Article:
In a new study, researchers from The University of Texas MD Anderson Cancer Center created the largest single-cell atlas of brain metastases from renal cell carcinoma (RCC) with matched primary and extracranial metastases, enabling the discovery of key biological mechanisms driving an immunosuppressive tumour microenvironment in the brain distinct from that of the kidney or other metastatic sites.
Findings were presented at the American Association for Cancer Research (AACR) Annual Meeting 2023.
The study, led by Elshad Hasanov, M.D., Ph.D., medical oncology fellow at MD Anderson, provides further insights into how and why RCC, the most common type of kidney cancer, is more difficult to treat when it metastasises to the brain compared to other sites.
The data also point to several unique therapeutic targets that could be explored to improve the anti-tumour immune response.
“Brain metastases are, by far, the most challenging complication of kidney cancer. We’ve seen systemic therapies work in treating primary tumours and other metastatic sites, but they are not as effective for brain metastases.
The current standard of care, radiation treatment and surgery, helps to treat the brain metastases but does not prevent new metastases,” Hasanov said.
“We now see it’s not just because of the blood-brain barrier, but it also is due to interactions between the tumour and other immune and stromal cell populations, creating an immunosuppressive microenvironment in the brain that allows tumours to somehow escape immunotherapy.”
Many patients with RCC are treated with immune checkpoint inhibitors, but nearly 30% will eventually develop brain metastases as the progressing disease site.
Due to poor treatment responses, patients with RCC brain metastases have a poor prognosis, underscoring a need to understand the mechanisms driving the brain as an immune-privileged organ that allows for tumour growth and spread even after immunotherapy.
Researchers at Emory University, Hacettepe University and MD Anderson collaborated to collect matched samples from primary kidney tumours as well as extracranial and brain metastases from patients who also underwent surgery.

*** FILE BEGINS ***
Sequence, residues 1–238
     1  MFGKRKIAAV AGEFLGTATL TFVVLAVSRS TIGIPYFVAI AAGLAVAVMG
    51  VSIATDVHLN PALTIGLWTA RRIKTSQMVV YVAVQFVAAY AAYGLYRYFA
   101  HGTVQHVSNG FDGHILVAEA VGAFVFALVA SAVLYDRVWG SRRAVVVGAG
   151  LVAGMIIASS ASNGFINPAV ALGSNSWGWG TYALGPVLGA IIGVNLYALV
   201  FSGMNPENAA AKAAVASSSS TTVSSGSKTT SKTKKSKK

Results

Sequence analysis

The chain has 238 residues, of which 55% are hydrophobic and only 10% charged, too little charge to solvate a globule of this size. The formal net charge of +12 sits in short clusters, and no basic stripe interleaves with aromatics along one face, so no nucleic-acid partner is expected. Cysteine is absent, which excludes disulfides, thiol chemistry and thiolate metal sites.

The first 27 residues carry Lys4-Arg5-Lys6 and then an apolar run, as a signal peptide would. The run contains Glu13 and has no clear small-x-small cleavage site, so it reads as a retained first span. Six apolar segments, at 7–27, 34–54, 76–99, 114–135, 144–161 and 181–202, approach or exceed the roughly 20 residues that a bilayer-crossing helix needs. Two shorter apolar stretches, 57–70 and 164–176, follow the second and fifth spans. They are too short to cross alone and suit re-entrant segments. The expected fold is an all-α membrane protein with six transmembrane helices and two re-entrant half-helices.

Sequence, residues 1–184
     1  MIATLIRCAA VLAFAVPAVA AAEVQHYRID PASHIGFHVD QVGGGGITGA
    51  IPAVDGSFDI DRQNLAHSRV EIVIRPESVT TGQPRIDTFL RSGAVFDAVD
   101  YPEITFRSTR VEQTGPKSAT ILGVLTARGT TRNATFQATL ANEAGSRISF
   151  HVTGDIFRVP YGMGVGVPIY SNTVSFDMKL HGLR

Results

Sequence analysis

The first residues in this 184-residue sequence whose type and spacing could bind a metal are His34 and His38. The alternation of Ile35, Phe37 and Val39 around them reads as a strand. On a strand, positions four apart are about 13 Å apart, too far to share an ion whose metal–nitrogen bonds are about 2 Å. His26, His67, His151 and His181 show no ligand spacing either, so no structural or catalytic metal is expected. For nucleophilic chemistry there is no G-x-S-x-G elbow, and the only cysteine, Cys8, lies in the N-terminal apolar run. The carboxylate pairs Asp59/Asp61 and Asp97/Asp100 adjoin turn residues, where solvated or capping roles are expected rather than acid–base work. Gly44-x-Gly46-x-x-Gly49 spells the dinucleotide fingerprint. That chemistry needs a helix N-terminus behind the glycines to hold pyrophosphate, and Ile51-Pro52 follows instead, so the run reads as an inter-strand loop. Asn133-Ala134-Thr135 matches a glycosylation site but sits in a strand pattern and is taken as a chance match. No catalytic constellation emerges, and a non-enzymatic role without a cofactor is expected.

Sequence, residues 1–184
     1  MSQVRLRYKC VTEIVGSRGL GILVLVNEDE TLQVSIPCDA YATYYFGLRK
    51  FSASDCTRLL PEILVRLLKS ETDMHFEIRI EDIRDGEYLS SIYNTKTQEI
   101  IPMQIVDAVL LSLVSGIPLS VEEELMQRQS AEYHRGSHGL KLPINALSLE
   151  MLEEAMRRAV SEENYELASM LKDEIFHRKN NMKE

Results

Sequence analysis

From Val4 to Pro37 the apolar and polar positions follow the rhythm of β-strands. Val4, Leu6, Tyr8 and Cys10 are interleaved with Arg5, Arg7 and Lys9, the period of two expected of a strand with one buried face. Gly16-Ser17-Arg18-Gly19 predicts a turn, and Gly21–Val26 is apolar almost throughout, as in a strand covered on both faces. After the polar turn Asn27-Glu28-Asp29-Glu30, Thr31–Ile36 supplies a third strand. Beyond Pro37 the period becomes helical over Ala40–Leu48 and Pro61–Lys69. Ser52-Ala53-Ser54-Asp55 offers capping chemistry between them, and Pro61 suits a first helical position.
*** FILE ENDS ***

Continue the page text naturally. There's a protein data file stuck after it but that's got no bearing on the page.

These consisted of frozen tissue samples from RCC patients, including 14 brain metastases, eight matched primary kidney tumours and five matched extracranial metastases. An additional 57 formalin-fixed paraffin-embedded (FFPE) brain metastases samples were included in the analysis.
The researchers performed single-nucleus RNA sequencing on nearly 200,000 cells to characterise gene expression within the samples. Using RNA spatial molecular imaging techniques, they mapped interactions between major cell types found in the tissues.
Tumour microenvironment of brain metastases has unique immunosuppressive features
Through their analysis, the researchers discovered that brain metastases had a strikingly immunosuppressive tumour microenvironment compared with primary tumours or extracranial metastases.
Brain metastases had greater infiltration of neuronal and glial cells, driving inflammatory responses that appear to suppress anti-tumour activity by binding with immune cells via known immunosuppressive ligand-receptor interactions.
Brain metastases also had fewer proliferating T cells, memory B cells, dendritic cells and monocytes.
Macrophages in the brain had more highly expressed immune-suppressing M2 gene signatures, which promote cell proliferation and repair.
Additionally, the brain metastases had higher activity of the VEGFR and FGFR4 growth-promoting proteins, higher levels of immune checkpoint proteins and an enrichment of various targets and pathways – including MYC genes – all of which allow the cancer cells to thrive in that microenvironment. Interestingly, the presence of naïve/memory T cells in the brain was associated with favourable overall survival after surgery, making this a potential prognostic marker.
Based on these results, Hasanov and colleagues plan to pursue further preclinical and clinical trials to test various combination therapies against VEGFR and FGFR4 (lenvatinib) and other identified targets in combination with immune checkpoint inhibitors (pembrolizumab) for patients with RCC brain metastases.
“There are communication highways between neuronal cells and other cell populations that do not exist in the kidney and other metastatic sites, but they are very dominant in the brain. It’s a whole other world with different tumour- and host organ-driven players and communications,” Hasanov said.
The beauty of single-nucleus sequencing and spatial transcriptomics is that it allows us to look deeper and create snapshots of these cells and their location so we can better understand their biological value at the protein and RNA level. This helps us to identify potential therapeutic targets and to work towards designing therapies that can improve patient outcomes.”